I think that relying on our impressions of authenticity can all too easily
          reduce itself to relying on our most vivid childhood memories. I have my own
          such memories, and I treasure them, and I recently drove 2,000 miles to
          revisit the site of some of them, but I don't consider them part of the
          toolkit.

          Ron: Secondly the presence of many doublet sayings in Matthew (in contrast
          with hardly any in Mark) in my opinion cries out for a second source in
          addition to Mark in order to explain Matthew's repetition of so many
          sayings.

          Bruce: I agree that the Matthean doublets need a look. Not having yet given
          them a very systematic look myself, I don't feel able to rely with
          confidence on what Ron says the outcome of that look would be. Doubtless
          just my own backwardness and culpable lack of energy, but there it is.

          Ron: Thirdly the straightforward interpretation of Papias' testimony about
          the 'logia' is that there once did exist a stand-alone collection of sayings
          attributed to Jesus.

          Bruce: I am with those who find Papias anything but straightforward, and I
          prefer to bracket his testimony, such as it may prove to be, until I make a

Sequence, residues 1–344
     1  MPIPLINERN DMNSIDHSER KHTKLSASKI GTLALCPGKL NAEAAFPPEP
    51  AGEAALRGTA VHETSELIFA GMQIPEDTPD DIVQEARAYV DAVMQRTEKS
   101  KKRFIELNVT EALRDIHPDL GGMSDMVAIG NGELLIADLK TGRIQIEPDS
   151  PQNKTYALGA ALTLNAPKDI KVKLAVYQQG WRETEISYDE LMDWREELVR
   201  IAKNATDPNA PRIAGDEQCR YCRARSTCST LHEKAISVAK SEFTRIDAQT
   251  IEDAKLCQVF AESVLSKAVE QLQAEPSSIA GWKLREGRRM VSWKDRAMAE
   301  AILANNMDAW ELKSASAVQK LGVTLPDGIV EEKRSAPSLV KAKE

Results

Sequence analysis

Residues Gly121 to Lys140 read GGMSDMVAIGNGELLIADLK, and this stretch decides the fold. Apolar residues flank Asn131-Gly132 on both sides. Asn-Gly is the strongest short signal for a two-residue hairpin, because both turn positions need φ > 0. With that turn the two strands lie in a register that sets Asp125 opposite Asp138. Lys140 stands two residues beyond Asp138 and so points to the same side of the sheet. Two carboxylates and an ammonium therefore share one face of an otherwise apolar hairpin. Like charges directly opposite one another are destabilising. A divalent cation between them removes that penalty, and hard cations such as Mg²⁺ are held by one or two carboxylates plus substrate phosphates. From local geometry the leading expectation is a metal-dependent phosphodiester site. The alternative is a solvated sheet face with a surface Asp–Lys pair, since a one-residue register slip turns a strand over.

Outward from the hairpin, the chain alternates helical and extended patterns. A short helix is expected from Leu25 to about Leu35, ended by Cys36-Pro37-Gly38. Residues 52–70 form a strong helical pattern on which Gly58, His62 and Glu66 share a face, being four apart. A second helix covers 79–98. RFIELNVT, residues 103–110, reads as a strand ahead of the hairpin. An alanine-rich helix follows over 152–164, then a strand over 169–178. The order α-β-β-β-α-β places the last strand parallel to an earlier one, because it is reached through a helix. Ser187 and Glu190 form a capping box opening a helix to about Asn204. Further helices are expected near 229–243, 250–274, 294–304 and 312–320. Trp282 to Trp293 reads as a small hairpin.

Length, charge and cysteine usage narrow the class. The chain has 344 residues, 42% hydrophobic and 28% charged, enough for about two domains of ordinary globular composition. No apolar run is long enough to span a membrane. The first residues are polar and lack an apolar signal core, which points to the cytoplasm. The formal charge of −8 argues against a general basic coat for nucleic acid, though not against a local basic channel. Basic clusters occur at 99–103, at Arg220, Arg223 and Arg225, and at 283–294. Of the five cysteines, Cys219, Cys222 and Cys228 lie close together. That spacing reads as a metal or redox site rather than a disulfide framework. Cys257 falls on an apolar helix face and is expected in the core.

decently careful survey of the texts he is talking about. The texts, after
          all, are earlier evidence than Papias. I am not sure, for example, whether
          Papias is reporting early hearsay about Gospel origins, or at least in part
          making his own inferences from the texts, such as we ourselves might also
          make. On consulting the extent evidence, I seem to see things *in* the texts
          which tend to challenge Papias's report *of* the texts, and accordingly I am
          unwilling to make Papias an assured starting point. Ron has gone as far as
          any one person I know of, to reify Papias's assertion of a Semitic sayings
          source. We looked at it a while ago. I am still inclined to have
          reservations about it. In any case, I don't feel comfortable accepting it as
          a given before we (or anyway, I) have finished giving Ron's twelve Mt/Lk
          passages, or any other subset of Mt/Lk passages, a decent scrutiny on their